Sectors with opportunities

The Nigerian government's push for food self-sufficiency is now creating opportunities in the agricultural sector for investors to tap.

From cash crops export to value addition and market linkages, opportunities abound within the country’s agricultural sector.

Investors can tap opportunities in the export of cashew nuts, cocoa, sesame, shea nuts, ginger, palm kernel, and coconut among others as the country is a top grower of these commodities.

The country still exports about 90 percent of its agricultural commodities in raw forms and this opens other opportunities for investors in the processing value chain.

All investors need to do is get distributors in the European, Asia, and American markets to supply these products raw or semi-processed.

Another sector with huge potential is Nigeria’s manufacturing industry.

The sector has been growing consistently since the second quarter of 2020 despite the impact of the Covid-19 pandemic on household incomes.

Real GDP growth in the manufacturing sector grew 3.49 percent in the second quarter of 2021.

This is evident in the performance of top manufacturers in the country such as Nestle Nigeria made a profit of N12.4 billion, Dangote Group made a profit of N130.1 billion and Nigerian Breweries made a profit of N7.6 billion respectively in the first quarter of 2021.

Similarly, Unilever Nigeria bounced back from a loss of 519 million in the first half of 2020 to a profit of N714.7 billion in H1 2021.

Similarly, the telecommunication industry in Nigeria has huge potentials that investors can also tap.

Despite the rapid growth of the country's telecommunication industry, broadband penetration has remained weak especially in rural communities, creating opportunities for investors.

The opportunities in the industry range from the adoption of the 5G network, the rise of the Internet of Things (IoT), the evolution of the content ecosystem, and the transformative power of artificial intelligence (AI).

Export requirements

As a potential investor, thorough research must be carried out to have a clear understanding of the commodity you intend to export, what it entails, and the targeted market.

  1. You must have adequate knowledge of processing and packaging the product if you are going into export.
  2. It begins with where to source the nuts such as cashew. Major exporters source nuts from Oyo, Kogi, and Niger states. Farmers in these areas are known to offer nuts of high quality.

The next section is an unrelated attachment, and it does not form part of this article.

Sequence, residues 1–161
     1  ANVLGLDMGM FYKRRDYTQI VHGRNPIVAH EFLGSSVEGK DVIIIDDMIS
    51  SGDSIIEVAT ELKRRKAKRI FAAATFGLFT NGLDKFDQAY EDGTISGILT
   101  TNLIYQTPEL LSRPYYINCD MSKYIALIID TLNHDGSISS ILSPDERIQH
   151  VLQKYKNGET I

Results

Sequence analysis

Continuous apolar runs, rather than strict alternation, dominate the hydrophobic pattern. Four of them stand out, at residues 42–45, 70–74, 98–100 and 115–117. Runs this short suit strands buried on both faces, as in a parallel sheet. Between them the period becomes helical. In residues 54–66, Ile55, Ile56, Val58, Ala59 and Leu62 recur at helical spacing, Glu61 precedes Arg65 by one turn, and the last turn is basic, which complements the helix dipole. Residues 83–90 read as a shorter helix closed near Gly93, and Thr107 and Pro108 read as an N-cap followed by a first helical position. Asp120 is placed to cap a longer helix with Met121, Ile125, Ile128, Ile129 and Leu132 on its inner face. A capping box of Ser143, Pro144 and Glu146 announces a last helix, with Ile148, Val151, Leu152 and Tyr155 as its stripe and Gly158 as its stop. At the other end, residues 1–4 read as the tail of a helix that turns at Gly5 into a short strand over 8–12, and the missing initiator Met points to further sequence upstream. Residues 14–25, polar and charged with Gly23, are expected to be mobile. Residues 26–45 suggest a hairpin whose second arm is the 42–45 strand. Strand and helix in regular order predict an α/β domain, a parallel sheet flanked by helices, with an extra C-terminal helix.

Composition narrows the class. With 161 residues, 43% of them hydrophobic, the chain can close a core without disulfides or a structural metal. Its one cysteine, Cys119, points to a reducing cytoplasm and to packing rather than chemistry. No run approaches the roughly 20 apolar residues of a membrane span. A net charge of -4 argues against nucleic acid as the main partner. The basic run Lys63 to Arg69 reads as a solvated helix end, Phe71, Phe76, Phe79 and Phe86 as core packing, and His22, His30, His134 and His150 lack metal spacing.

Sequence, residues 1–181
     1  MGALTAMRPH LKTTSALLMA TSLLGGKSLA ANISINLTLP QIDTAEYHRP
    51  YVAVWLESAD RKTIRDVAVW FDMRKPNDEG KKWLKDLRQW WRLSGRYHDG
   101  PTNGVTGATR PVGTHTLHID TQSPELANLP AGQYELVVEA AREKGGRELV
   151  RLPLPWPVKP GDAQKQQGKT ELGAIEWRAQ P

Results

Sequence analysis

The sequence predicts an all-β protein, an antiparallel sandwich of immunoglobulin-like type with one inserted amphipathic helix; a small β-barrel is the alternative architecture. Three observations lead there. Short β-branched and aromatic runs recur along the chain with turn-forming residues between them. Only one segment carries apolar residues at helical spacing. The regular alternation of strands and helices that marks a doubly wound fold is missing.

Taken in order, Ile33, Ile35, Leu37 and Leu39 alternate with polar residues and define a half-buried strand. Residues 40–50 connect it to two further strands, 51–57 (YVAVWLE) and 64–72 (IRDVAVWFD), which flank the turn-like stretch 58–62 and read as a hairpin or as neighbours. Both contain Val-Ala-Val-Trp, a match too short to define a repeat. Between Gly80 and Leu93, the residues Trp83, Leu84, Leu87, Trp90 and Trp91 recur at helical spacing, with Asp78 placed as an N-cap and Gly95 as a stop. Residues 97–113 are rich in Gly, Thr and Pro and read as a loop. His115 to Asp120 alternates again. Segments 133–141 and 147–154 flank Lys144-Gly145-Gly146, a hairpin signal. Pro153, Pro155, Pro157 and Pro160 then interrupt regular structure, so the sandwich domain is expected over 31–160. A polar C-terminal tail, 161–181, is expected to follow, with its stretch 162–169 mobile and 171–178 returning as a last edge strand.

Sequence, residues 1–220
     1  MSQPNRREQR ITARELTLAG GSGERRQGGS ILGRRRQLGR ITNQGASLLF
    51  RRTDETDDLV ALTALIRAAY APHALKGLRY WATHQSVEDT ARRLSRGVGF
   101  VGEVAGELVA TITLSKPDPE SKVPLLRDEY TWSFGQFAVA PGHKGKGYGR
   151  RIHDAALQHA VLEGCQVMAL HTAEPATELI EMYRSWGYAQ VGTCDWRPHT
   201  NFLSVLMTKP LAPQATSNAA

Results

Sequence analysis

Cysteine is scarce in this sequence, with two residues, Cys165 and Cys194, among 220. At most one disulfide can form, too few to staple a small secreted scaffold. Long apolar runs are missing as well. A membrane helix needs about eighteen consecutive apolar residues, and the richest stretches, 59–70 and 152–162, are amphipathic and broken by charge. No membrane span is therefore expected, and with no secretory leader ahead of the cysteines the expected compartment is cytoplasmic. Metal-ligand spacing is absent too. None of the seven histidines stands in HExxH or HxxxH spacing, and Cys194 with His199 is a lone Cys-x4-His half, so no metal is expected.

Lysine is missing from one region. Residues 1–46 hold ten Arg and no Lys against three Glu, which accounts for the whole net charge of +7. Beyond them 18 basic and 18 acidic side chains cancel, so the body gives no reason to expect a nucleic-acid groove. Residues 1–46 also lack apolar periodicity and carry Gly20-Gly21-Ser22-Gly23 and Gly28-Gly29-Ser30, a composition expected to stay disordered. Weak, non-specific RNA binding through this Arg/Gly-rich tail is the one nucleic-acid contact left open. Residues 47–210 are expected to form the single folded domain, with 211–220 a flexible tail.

Countries like Indonesia, Vietnam, the Philippines, Malaysia, and Thailand import a lot of nuts extensively from Nigeria for their processed food industry.

    Importers expect cashew nuts meant for export to be clean, thoroughly dry, and free from matter such as sticks, and stalks.
  3. Another thing is that it must not be exposed to moisture. The raw cashew nuts must be properly sun dried and the moisture content must be analyzed. Most exporters use only jute bags to bag raw cashew nuts for aeration.
  4. Investors must be ready to procure machines such as boiler, sheller or cracker, dryer, and packaging materials to ensure that the commodities meet international standards.
  5. Necessary exports documents such as the phytosanitary certificate for commodities issued by the Nigeria Agricultural Quarantine Services (NAQS), health certificate for processed and semi-processed food items issued by the National Agency for Food, and Drug Administration and Control (NAFDAC) should be gotten before export.
  6. For shipping, most exporters take time to identify reliable shipping agents that help them deliver cashew nuts in time.

This is because the time taken by the shipping company to deliver nuts can also affect the exporter’s reputation positively or negatively.

Challenges for exporters

There are several challenges Nigeria’s exporter faces but the most challenging is the traffic congestion at Apapa and Tin Can seaports.

As a result, transaction cycles for export take longer than necessary.

Similarly, processing relevant export documentation is still done manually, and this slows the approval process.


Author: Josephine Okojie
Illustration: Kate Faldina